Understanding Pensions

Understanding Pensions

Understanding Pensions

Understanding Pensions

Synopsis

The area of pensions is one that is constantly in the news these days. This timely new book is an extremely useful contribution to this important issue and will be of use to policy-makers as much as to students and academics of finance and public policy.

Excerpt

Benjamin Franklin once famously remarked that there were two certainties in life, death and taxes. When Franklin made this observation, in the eighteenth century, most people died young. We should not be surprised, then, that he did not include living to a ripe old age in his list of life's certainties. Living to a great age is not a certainty today. For growing numbers of people, though, it is a distinct possibility. Children born in the year 2000 in France, Germany, the UK and the USA can, on average, expect to live for more than 77 years. Their Japanese counterparts have an average life expectancy of over 80 years. In Britain, the number of congratulatory messages the Queen sends each year to new centenarians has quadrupled since she was crowned in 1953. What is more, life expectancy is projected to go on rising in the coming decades.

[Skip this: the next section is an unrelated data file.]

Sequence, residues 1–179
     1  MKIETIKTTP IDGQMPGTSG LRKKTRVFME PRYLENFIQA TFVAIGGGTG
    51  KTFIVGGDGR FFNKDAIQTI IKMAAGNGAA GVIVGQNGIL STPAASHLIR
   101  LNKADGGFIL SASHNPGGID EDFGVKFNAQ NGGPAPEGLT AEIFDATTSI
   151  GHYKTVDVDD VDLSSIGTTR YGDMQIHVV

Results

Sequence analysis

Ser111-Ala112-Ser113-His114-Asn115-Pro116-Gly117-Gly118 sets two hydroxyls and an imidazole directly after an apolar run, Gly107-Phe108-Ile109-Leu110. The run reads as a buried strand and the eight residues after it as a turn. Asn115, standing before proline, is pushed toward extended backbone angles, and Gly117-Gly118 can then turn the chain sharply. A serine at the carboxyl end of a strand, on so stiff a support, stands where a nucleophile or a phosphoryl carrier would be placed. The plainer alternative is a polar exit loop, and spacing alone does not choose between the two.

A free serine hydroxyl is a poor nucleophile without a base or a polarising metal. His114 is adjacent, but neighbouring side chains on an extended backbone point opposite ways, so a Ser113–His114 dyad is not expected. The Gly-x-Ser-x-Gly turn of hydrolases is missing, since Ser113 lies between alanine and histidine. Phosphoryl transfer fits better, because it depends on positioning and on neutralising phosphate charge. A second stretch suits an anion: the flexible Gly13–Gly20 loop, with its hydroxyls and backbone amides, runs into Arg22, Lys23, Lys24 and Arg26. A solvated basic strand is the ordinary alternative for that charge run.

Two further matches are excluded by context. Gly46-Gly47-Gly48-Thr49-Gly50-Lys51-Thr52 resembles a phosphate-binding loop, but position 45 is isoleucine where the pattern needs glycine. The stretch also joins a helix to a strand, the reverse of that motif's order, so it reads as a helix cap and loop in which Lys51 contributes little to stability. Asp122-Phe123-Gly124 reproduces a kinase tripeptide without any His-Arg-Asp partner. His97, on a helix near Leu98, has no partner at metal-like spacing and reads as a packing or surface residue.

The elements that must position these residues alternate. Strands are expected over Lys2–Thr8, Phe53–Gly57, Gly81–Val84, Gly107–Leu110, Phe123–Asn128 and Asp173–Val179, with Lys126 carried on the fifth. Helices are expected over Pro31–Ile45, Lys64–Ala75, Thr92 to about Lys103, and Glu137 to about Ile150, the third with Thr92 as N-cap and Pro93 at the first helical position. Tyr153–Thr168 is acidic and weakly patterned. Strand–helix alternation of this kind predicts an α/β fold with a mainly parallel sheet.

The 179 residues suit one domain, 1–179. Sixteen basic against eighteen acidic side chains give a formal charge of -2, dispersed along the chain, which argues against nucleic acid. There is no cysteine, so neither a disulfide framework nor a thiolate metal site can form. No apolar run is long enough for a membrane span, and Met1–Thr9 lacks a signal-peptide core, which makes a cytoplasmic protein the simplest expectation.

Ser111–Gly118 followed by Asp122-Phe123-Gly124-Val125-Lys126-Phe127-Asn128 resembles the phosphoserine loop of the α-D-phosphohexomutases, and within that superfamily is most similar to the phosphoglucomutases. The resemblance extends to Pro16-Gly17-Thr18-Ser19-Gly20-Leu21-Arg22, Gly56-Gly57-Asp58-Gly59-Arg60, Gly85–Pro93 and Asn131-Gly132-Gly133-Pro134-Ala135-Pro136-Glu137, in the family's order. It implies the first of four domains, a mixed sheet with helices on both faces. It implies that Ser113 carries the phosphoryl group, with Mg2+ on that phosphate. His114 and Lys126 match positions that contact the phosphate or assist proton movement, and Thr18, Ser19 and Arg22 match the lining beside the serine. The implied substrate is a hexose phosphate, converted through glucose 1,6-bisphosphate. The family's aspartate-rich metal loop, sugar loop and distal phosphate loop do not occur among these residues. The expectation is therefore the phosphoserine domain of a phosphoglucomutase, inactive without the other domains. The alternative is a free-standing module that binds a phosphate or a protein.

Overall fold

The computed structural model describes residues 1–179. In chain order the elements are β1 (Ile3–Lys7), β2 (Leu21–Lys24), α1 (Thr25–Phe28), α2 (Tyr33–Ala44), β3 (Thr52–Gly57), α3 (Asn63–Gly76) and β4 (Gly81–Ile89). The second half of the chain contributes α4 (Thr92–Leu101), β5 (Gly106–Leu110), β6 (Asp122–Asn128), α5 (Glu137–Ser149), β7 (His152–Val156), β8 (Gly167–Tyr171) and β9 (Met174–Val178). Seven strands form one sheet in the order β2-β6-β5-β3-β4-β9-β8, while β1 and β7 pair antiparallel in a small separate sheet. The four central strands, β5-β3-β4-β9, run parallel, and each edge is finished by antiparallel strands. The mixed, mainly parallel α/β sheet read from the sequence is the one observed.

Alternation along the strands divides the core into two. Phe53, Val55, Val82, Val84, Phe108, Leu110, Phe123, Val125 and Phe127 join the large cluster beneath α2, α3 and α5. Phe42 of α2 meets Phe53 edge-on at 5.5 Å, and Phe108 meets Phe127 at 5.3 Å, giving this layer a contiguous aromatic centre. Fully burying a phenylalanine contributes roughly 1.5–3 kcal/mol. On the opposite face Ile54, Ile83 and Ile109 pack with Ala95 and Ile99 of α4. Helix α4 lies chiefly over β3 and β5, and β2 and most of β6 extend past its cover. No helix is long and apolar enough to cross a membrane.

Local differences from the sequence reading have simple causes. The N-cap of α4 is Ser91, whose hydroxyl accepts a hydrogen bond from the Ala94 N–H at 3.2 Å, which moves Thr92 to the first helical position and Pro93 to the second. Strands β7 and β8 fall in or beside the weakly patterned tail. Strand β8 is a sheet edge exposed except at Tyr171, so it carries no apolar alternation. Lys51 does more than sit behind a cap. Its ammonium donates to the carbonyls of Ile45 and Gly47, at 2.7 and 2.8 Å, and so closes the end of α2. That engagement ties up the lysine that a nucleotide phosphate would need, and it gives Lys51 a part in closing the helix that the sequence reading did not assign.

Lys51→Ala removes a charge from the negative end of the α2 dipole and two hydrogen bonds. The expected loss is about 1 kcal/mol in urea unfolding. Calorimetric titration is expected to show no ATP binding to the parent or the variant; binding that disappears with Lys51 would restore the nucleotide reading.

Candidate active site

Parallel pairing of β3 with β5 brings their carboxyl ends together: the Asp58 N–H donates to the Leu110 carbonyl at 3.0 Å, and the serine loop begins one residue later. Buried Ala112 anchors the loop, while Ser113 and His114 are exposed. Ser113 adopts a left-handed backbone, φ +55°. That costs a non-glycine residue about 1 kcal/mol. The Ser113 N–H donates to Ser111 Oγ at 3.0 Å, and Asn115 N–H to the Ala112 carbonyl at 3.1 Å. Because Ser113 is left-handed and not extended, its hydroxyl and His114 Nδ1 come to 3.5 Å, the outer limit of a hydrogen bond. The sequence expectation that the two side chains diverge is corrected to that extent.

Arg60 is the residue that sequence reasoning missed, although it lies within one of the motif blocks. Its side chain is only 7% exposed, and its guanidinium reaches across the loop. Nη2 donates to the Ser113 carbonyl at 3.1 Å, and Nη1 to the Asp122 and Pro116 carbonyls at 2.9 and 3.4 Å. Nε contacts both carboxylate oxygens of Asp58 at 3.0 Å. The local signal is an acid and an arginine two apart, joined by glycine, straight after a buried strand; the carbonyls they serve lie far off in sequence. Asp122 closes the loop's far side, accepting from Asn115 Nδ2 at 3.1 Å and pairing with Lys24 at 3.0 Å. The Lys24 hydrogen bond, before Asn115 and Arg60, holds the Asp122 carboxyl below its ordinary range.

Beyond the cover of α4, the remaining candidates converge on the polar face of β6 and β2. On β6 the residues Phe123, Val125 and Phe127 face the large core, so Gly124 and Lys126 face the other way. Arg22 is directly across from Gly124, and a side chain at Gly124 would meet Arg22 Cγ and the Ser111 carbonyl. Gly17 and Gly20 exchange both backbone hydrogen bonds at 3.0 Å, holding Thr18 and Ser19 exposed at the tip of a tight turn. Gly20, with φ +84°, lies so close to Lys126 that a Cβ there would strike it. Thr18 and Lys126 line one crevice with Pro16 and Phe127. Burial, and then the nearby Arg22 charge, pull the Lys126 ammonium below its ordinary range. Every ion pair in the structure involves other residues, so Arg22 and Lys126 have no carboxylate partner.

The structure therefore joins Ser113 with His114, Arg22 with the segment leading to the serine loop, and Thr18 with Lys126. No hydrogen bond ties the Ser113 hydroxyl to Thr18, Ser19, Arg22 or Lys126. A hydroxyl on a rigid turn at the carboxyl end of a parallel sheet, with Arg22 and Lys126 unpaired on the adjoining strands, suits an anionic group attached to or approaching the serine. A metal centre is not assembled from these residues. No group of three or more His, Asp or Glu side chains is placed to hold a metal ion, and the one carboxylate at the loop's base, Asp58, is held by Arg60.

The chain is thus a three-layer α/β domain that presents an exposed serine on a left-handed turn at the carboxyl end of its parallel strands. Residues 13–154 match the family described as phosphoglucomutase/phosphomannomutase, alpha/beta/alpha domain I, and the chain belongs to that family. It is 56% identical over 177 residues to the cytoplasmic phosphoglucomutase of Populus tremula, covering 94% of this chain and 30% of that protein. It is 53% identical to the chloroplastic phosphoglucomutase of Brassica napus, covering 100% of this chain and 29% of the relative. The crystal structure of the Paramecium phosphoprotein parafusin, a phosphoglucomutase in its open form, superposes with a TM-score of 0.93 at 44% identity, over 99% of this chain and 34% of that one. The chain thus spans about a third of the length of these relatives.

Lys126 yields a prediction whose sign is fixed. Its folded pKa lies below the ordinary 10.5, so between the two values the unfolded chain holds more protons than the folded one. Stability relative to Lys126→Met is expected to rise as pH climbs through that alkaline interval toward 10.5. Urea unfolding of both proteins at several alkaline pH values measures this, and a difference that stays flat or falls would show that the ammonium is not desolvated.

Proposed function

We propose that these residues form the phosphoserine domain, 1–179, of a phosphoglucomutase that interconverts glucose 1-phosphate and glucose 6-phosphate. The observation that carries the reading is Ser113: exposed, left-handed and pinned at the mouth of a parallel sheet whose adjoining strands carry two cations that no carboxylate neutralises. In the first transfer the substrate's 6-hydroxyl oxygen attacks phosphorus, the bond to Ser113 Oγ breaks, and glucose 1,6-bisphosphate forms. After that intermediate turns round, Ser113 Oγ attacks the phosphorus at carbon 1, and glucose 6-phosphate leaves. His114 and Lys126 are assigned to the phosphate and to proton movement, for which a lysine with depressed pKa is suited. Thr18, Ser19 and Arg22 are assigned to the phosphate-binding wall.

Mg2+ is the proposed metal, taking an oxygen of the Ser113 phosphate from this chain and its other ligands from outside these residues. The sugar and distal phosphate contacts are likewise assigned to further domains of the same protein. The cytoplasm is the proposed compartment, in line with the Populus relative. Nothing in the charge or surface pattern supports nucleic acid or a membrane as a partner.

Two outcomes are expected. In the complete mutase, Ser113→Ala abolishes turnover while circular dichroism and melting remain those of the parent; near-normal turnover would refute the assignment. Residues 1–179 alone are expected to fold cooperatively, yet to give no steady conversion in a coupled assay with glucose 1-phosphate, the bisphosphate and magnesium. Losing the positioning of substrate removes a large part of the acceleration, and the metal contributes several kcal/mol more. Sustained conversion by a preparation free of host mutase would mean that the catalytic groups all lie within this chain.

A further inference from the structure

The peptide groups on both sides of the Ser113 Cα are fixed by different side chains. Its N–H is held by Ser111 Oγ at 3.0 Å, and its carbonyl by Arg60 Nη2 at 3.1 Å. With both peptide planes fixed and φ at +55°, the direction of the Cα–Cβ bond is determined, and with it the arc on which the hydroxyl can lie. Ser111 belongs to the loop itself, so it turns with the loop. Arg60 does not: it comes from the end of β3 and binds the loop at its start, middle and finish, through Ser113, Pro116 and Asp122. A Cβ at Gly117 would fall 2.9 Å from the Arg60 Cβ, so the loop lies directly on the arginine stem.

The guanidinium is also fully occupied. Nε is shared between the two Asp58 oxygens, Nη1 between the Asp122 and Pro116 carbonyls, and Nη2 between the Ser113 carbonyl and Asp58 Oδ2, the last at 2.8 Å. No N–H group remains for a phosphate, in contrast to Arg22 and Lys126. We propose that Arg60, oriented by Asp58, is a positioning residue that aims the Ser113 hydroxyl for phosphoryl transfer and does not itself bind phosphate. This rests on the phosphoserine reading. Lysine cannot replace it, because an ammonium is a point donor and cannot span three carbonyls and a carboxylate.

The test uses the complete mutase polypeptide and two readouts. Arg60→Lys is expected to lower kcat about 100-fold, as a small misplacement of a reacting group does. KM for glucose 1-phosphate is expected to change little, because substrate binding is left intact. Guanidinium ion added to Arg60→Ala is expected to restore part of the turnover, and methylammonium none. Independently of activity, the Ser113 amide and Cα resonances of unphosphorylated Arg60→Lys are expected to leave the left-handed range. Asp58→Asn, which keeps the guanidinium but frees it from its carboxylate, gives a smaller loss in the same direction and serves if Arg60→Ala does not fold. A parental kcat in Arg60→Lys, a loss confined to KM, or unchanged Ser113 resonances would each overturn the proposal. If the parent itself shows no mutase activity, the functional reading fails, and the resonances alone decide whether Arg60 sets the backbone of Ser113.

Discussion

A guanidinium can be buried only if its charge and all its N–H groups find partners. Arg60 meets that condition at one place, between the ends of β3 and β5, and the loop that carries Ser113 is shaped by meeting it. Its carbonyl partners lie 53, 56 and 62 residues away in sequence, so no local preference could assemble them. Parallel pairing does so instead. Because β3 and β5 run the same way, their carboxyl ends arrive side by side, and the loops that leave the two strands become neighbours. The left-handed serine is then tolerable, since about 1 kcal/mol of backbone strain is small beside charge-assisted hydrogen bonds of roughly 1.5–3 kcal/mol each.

Unlike longevity, the length of time people typically spend in paid employment has not been increasing. In fact, the opposite has happened. Since the 1970s, the average age at which people in Britain and many other developed countries cease working for a living has been falling steadily. In other words, there has been a significant increase in the proportion of peoples' lives spent in retirement. This has raised pensions to a level of importance never seen before. In the past, pensions were a means by which people insured against the unlikely event that they would become too old to support themselves by working. Today, pensions act more like retirement endowments, because most people can expect to stop working long before they die.

Pensions have long been the subject of fierce controversy. Although few would argue against the need for pensions, a debate has raged for more than a century over the most appropriate way to provide them. This is because pensions can be provided through a variety of mechanisms which differ in their advantages and disadvantages. The debate is not just about the pros and cons of one approach to pension provision compared with another, but about whether, and how, different approaches can be combined to produce an optimal retirement income system. Although the intensity of the debate has ebbed and flowed over time, it has never been stronger than it is at present. . .

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